Somewhere on the road to Kandahar it has apparently been revealed to NATO that its future is inextricably linked to success or failure in Afghanistan – begging the question of whose definition of success applies.[i]
If NATO’s political and military leaders choose to characterize their alliance as so fragile and wanting in purpose that its fate is now in the hands of peasant fighters in Afghanistan – even though NATO accounts for two-thirds of all global military spending and even more of its military capacity[ii] – that’s up to them, but perhaps it’s time to get a grip.
Contrary to current rhetoric, the International Security Assistance Force (ISAF) on which Canada serves in Afghanistan is not a “NATO mission.” Indeed, the American led Operation Enduring Freedom (OEF) force, still present and active in Afghanistan , is arguably much closer to being a NATO mission. The OEF force was mounted in response to the September 11, 2001 attacks on the US , based on the UN Charter’s self-defence provision (Article 51), and NATO in turn invoked its Article V on grounds that an attack on one member of the alliance is an attack on them all.
ISAF is something entirely different, and it is definitely not meant to be the NATO alliance in self-defence mode. Established by the Security Council at the request of the 2001 Bonn Conference and the interim government it created, ISAF has the specific task of assisting the Afghan government in maintaining security – i.e. to provide for the safety and protection of the people of Afghanistan, as well as the UN and other agencies working there.[iii]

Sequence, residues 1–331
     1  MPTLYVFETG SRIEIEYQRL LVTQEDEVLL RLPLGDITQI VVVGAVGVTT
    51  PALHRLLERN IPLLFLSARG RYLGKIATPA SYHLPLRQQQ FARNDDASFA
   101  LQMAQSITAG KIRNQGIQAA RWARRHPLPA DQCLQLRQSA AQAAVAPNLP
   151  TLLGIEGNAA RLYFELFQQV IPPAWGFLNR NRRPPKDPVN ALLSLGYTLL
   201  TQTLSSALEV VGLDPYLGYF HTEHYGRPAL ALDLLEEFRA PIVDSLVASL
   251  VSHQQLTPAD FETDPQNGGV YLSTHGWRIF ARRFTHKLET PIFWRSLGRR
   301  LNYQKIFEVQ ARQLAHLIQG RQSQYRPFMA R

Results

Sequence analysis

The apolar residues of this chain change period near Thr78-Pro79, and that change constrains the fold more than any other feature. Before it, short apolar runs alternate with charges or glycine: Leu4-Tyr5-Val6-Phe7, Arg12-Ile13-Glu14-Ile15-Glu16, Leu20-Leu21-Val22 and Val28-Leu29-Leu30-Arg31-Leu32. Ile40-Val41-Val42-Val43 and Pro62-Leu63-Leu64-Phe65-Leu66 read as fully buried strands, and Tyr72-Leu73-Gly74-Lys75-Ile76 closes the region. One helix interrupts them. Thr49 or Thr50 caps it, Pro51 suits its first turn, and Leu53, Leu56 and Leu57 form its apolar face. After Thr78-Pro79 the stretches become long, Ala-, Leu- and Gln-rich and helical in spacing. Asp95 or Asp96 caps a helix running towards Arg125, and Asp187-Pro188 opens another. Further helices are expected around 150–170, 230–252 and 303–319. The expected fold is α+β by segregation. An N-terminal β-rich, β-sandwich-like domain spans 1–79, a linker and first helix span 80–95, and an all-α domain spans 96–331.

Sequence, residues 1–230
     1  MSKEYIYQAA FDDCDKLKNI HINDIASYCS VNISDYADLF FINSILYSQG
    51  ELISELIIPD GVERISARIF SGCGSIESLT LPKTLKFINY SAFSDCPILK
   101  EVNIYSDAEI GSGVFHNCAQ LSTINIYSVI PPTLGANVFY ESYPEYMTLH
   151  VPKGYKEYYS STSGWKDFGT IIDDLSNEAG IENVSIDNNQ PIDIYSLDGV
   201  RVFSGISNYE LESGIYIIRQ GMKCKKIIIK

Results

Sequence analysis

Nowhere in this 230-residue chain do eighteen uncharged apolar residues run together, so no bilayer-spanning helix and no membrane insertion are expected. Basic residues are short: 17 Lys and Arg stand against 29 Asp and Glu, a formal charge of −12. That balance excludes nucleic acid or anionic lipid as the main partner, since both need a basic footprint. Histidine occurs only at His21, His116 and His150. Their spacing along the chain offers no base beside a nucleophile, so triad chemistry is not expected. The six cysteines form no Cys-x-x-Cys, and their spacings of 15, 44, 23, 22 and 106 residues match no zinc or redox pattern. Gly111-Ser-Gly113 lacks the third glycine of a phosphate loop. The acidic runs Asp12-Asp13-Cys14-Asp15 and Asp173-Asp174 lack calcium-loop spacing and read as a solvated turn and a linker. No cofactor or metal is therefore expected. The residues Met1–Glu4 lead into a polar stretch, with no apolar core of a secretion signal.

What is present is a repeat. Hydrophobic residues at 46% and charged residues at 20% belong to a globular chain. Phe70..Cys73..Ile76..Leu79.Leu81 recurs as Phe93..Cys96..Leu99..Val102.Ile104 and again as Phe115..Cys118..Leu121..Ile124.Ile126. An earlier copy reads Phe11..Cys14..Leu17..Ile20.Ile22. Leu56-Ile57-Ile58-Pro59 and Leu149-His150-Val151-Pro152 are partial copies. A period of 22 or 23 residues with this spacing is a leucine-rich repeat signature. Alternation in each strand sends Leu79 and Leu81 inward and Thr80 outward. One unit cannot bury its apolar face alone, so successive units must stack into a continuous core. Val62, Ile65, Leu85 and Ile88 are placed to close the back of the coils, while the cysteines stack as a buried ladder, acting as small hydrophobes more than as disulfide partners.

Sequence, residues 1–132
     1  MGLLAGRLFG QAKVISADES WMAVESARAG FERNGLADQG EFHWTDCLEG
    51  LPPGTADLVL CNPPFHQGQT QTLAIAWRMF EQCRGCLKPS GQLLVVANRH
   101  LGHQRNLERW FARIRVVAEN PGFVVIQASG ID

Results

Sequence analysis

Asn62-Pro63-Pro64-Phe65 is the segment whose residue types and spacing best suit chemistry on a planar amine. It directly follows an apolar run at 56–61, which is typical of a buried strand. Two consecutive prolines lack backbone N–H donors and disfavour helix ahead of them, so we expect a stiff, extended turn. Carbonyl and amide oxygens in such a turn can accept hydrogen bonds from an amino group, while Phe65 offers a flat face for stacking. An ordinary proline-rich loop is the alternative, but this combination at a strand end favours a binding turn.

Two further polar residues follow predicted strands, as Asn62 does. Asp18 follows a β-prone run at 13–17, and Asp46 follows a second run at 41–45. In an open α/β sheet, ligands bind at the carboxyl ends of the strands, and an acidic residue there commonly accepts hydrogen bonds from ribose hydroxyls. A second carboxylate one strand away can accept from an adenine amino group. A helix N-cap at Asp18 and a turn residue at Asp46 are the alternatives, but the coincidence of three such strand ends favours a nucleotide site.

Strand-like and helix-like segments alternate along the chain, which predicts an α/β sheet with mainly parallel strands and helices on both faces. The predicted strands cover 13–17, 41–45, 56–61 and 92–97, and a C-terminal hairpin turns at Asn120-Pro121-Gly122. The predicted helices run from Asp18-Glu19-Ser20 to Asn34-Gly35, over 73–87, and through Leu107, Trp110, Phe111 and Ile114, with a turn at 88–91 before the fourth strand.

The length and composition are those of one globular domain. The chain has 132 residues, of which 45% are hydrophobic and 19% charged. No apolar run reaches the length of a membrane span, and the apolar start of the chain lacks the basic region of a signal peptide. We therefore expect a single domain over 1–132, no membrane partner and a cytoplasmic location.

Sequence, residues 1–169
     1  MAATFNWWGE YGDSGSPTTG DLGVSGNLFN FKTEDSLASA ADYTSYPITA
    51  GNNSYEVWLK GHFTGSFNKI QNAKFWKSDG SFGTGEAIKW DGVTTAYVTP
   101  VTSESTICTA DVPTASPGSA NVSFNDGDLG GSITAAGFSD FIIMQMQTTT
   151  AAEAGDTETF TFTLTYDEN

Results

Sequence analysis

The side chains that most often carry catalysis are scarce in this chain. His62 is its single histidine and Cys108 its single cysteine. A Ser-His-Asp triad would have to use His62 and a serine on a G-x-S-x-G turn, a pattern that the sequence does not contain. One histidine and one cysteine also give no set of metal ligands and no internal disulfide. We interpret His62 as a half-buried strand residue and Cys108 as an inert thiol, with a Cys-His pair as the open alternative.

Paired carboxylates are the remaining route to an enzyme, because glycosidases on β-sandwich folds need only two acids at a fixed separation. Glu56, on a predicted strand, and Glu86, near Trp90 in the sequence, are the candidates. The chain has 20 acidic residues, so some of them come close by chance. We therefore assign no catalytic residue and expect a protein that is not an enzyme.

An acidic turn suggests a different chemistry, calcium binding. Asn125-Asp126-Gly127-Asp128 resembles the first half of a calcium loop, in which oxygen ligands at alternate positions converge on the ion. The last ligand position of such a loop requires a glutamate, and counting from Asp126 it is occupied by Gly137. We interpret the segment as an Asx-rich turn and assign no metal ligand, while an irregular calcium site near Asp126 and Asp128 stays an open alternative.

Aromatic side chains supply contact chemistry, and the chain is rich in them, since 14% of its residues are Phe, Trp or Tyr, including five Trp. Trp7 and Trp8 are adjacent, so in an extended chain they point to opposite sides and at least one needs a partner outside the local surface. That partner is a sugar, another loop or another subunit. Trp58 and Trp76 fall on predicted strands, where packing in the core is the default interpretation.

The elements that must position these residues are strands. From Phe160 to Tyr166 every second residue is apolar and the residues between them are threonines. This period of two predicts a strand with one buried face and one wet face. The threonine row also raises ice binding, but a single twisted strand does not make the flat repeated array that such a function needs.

It was initially managed by the UK, and rotated to Italy and Germany until August 2003 when NATO took over.[iv] When ISAF was under UK command it was not regarded as a “UK operation” and now that it is under NATO command it is not a “NATO operation” – in both cases it was and is an international force, mandated by the UN, that involves troops from countries within and beyond NATO (of 37 troop contributing countries, 11 are from non-NATO countries).
The foreign troops of ISAF are not there under NATO Article V obligations of mutual defence, which means that the obligation on NATO countries to contribute to ISAF is no greater than the obligation on any other country.
The problem with the repeated insistence that ISAF is a NATO operation on which the future of NATO depends is that the focus inevitably becomes the interests and well-being of NATO rather than the interests and well-being of the people of Afghanistan – and to equate the two is the worst form of Western hubris and triumphalism.
In fact, it is NATO’s self-definition of success – that is, the military defeat of the opponents of the Government of Afghanistan and ISAF – that now drives the push to concentrate combat forces in the south and to bolster the firepower of those forces with more tanks and tracked armored vehicles[v] and more of the air strikes that inevitably produce civilian casualties.
NATO planners and strategists, unfortunately, are unlikely to follow the advice that the Washington Post says has found its way into the draft of a new US Army/Marine Corps Field Manual on counterinsurgency: “The best weapons for counterinsurgency do not shoot bullets. The more force you use, the less effective you are.”[vi]